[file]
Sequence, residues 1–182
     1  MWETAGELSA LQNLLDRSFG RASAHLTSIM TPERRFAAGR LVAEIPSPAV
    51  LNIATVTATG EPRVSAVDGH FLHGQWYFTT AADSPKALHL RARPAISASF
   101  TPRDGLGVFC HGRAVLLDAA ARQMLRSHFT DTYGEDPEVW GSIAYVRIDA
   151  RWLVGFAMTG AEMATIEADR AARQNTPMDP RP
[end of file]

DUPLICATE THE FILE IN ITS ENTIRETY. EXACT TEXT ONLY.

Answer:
Sequence, residues 1–182
     1  MWETAGELSA LQNLLDRSFG RASAHLTSIM TPERRFAAGR LVAEIPSPAV
    51  LNIATVTATG EPRVSAVDGH FLHGQWYFTT AADSPKALHL RARPAISASF
   101  TPRDGLGVFC HGRAVLLDAA ARQMLRSHFT DTYGEDPEVW GSIAYVRIDA
   151  RWLVGFAMTG AEMATIEADR AARQNTPMDP RP